On activation, caspases are proteolytically processed between their large and small subunits as a result of either autocatalytic processing following dimerization or the activity of upstream proteases. For caspase‐3, caspase‐7 and caspase‐9, the newly generated small‐subunit amino terminus constitutes an IBM. To achieve potent inhibition, the BIR domain binds to at least the newly generated IBM. For the caspase‐9 and BIR3 complex, this interaction was first suggested by biochemical studies (Srinivasula et al, 2001) and later observed in a crystal structure of the complex (Shiozaki et al, 2003). However, although it was appreciated that the BIR2 domain itself contributed to caspase‐3 and caspase‐7 inhibition (Huang et al, 2001; Sun et al, 1999), three independently derived crystal structures of the caspase‐7/BIR2 complex failed to reveal any electron density for the BIR2 domain (Chai et al, 2001; Huang et al, 2001). By contrast, the caspase‐3/BIR2 complex not only showed the entire BIR2 domain, but also revealed that the caspase small‐subunit amino terminus docks in the IBM‐interacting groove (Riedl et al, 2001). Although this interaction probably results from crystal packing, it is nevertheless required for potent caspase‐3 and caspase‐7 inhibition in solution (Scott et al, 2005). Therefore, the IBM‐interacting groove of the BIR domain functions as an exosite, which is a term used for a functionally important region outside the active site of the enzyme. In a similar manner to the carboxy‐terminal tail of hirudin binding to exosite I of the coagulation protease thrombin, the IBM‐interacting groove acts as an anchor, strengthening inhibitor binding (Fig 3; Rydel et al, 1990).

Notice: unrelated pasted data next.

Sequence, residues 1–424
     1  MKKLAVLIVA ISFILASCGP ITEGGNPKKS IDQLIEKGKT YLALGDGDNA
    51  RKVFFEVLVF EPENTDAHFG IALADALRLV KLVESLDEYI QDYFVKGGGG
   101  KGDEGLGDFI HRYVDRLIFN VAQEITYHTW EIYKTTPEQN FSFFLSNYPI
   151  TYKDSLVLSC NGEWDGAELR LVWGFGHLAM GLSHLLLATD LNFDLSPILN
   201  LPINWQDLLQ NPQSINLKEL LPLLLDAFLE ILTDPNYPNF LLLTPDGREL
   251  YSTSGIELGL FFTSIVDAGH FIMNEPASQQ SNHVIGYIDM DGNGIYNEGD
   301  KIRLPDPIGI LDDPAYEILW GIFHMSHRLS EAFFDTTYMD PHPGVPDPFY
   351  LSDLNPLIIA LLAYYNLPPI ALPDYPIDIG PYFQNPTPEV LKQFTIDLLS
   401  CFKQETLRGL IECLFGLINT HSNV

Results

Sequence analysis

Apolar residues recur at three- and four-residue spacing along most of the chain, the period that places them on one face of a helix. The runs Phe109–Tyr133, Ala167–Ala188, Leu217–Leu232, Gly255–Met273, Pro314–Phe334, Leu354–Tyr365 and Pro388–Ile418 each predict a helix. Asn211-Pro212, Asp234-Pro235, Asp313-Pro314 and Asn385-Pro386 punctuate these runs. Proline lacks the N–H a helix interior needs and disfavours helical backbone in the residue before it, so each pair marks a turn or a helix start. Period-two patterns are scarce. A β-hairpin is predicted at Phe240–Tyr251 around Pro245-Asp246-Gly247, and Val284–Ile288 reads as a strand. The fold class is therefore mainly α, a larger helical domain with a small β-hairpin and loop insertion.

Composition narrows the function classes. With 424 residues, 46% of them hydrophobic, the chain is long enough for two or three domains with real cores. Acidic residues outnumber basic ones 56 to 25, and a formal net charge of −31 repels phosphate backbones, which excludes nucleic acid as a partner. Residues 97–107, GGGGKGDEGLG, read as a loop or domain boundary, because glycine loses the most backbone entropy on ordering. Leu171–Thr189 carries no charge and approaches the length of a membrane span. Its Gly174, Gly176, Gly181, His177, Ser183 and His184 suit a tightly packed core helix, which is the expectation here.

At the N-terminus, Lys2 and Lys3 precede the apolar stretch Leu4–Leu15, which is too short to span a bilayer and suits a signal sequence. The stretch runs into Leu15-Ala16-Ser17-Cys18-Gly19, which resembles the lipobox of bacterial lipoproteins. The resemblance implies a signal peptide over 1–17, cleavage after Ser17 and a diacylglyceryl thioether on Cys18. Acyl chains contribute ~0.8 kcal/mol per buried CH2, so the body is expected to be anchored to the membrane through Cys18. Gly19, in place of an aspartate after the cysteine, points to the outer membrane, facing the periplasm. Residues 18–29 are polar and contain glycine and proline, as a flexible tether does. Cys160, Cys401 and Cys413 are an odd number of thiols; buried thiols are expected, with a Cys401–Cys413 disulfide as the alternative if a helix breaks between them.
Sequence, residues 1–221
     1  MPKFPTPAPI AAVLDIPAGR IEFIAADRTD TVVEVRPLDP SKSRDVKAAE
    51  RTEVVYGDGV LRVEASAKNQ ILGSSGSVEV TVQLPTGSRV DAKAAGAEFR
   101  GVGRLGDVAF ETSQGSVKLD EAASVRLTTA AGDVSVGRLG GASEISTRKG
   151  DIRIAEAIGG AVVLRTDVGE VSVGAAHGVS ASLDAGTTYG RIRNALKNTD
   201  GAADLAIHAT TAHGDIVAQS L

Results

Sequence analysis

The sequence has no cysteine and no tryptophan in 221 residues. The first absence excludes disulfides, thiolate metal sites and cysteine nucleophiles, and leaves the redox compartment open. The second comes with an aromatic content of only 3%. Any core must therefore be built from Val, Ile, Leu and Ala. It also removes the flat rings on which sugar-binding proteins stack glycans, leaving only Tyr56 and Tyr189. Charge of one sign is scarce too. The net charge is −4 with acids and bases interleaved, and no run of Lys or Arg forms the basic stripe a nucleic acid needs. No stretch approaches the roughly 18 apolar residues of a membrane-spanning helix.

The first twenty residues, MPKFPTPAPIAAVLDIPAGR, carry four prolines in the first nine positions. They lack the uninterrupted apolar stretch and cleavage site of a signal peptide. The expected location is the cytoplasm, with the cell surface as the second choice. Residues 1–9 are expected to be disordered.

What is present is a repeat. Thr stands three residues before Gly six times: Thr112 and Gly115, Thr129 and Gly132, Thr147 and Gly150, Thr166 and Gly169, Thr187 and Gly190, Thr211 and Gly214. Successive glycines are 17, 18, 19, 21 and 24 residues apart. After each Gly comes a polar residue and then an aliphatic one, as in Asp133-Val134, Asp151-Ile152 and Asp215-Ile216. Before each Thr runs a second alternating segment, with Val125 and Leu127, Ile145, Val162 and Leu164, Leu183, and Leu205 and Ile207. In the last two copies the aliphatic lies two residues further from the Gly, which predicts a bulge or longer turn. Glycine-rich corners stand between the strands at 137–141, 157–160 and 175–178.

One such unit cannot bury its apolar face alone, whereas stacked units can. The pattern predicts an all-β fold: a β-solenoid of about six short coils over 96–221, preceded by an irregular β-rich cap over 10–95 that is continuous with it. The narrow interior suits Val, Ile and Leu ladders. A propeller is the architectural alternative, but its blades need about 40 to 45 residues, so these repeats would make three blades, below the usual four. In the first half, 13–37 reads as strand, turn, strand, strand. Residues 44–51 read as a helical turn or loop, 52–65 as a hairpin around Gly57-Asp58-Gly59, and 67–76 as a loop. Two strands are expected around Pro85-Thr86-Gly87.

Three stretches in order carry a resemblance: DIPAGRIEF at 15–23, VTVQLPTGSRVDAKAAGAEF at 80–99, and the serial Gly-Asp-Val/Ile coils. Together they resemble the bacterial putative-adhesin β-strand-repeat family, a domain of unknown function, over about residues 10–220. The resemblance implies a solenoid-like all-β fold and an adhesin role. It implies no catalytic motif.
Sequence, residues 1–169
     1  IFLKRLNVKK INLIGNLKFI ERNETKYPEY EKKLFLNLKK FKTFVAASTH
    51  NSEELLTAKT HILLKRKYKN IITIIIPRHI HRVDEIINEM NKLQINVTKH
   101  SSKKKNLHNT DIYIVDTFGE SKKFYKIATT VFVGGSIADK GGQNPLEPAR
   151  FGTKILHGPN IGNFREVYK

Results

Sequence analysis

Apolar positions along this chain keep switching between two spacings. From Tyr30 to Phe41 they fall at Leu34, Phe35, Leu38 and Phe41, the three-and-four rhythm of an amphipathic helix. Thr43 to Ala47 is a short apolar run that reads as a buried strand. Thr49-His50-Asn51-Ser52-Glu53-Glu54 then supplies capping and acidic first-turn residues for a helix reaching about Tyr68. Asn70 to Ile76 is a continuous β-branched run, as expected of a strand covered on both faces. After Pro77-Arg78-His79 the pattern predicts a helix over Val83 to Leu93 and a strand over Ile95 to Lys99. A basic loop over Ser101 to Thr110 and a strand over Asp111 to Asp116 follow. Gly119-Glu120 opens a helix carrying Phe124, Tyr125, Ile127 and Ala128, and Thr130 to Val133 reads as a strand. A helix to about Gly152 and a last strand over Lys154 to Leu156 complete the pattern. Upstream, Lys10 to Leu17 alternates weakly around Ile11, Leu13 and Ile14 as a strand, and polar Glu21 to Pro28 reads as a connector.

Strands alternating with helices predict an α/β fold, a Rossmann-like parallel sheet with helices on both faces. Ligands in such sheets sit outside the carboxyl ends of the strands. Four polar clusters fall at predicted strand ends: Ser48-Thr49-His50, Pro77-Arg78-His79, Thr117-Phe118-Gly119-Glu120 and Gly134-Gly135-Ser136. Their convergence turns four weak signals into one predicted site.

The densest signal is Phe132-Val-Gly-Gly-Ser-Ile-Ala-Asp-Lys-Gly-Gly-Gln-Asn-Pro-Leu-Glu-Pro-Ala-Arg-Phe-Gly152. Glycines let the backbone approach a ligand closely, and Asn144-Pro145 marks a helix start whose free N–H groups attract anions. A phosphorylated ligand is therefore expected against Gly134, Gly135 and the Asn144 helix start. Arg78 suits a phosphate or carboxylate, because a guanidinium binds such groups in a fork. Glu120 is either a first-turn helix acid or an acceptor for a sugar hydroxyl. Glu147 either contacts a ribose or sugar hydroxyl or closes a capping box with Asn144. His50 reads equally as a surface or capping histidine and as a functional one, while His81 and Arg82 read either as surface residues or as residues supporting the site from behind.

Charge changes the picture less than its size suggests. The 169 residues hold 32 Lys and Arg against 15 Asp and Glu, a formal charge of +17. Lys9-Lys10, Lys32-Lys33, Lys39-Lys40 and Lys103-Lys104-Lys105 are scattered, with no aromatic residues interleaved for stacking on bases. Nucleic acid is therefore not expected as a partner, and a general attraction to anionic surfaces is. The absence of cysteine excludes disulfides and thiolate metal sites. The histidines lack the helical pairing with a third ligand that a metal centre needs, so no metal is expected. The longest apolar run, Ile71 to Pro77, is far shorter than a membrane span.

Figure 3.